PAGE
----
Superman #698 was just released and marked the 3rd part of the Superman:Last Stand of New Krypton story arc. While Supergirl #51 looked at the war from the perspective of New Krypton, this issue takes place almost exclusive on the second 'front' of this war, Brainiac's ship.
It's hard to believe, but there is basically one issue left on James Robinson's run on the title and only one more issue 'starring' Mon-El. This issue seemed to showcase the upcoming transition with both Mon-El and Kal-El having some big moments. While I have, at times, been a critic of Robinson's work here, one thing I have appreciated has been his handling of Mon-El. He really felt like a fully realized three-dimensional character.
Javier Pina and Bernard Chang split the art duties for the issue, with Pina handling the Superman heavy pages and Chang working on the Mon-El pages. Unfortunately, it distracted a bit from the flow of the issue, especially at the end when the two characters finally team up. But on to that in a bit.
The issue starts on the ground with the shocking announcement that 10,000 Kryptonians have been killed in the first few hours of the war. The population of New Krypton has literally been decimated.
It rightfully frightens General Zod who knows that Brainiac would have anticipated the results of this battle. If this is only the first volley, what is coming next?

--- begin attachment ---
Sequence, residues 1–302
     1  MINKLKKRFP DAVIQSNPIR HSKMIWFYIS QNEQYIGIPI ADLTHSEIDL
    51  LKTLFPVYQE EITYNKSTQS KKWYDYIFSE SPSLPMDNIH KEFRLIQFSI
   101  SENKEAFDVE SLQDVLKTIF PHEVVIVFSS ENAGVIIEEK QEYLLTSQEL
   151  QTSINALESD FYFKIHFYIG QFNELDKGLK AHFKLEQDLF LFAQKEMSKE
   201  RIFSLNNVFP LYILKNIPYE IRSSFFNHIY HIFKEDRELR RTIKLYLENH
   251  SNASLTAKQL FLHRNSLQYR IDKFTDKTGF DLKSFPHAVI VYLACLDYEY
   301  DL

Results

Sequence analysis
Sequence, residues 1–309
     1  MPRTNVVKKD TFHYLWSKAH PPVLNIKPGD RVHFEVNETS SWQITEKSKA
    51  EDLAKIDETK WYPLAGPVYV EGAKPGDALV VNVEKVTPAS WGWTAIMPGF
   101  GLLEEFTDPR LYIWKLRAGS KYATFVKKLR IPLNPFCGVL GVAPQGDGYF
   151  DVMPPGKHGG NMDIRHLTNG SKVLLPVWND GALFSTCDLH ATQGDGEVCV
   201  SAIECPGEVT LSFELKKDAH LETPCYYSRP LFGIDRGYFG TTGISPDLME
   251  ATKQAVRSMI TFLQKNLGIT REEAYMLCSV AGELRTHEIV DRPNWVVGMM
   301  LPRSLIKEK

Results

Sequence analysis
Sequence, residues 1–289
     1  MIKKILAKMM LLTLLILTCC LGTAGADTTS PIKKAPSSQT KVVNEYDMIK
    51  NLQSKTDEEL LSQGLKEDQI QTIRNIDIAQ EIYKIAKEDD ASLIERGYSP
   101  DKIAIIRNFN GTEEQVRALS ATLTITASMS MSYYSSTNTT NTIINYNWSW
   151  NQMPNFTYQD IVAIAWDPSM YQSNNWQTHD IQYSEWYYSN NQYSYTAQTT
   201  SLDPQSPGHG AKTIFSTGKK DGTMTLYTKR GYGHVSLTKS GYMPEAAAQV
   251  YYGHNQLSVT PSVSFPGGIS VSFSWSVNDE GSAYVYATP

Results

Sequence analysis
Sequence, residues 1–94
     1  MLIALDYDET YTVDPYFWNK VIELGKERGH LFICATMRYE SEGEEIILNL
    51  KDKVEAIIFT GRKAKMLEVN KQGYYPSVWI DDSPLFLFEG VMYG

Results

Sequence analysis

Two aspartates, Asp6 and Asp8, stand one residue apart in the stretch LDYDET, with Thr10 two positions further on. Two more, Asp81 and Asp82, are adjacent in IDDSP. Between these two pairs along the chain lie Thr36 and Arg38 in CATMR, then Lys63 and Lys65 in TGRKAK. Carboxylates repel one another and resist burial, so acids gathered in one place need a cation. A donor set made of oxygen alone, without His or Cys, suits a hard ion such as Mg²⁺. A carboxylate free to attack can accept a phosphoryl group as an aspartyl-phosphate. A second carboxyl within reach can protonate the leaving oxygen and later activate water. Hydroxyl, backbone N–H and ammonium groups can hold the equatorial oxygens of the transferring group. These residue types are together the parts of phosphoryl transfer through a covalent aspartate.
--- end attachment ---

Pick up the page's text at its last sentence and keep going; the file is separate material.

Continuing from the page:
You know what I keep thinking ... that feeling in my gut that New Krypton is going bye-bye. That the planet is going to explode. That would be something 'worse'.
On the ship, Superman remains trussed up by a Green K powered Brainiac drone while Brainiac and Luthor gloat over their victory.
Superman doesn't quite understand what Luthor hopes to gain out of this battle and asks him outright what it is he wants.
I love Luthor's response. It is creepy and malicious as he tries to use his poker face on Superman. Now I don't know if there is anything tangible that Luthor hopes to procure from his agreement with Brainiac. But at the very least, isn't slaughtering Kryptonians and emotionally injuring Superman it's own reward?
In the meantime, Mon-El has broken onto Brainiac's ship the same way Superman did. As he scours the ship to find and rescue Superman, he is contacted by a telepathic race captured in a Brainiac bottle.
He also has to fight against Brainiac's organic defense systems ... giant white baboon like creatures called Koko. Comic historians will recall that way back in the early Silver Age, Brainiac had a cute little pet white monkey called Koko. Clearly these are the 21st century upgraded models.
One thing that has worked well in the first chapters of 'Last Stand' have been the use of splash pages when appropriate. This one works well as we see a small Mon-El facing off against the masses of Koko's climbing into the room. The background even works here, giving this part of Brainiac's ship and arena-like feeling.
As if fighting off all those baboons weren't tough enough, the next line of Brainiac's defense shows up, alien races which have sworn allegiance to Brainiac in return for being freed from the bottle. You might recognize these races as the components of Ultra the Multi-Alien.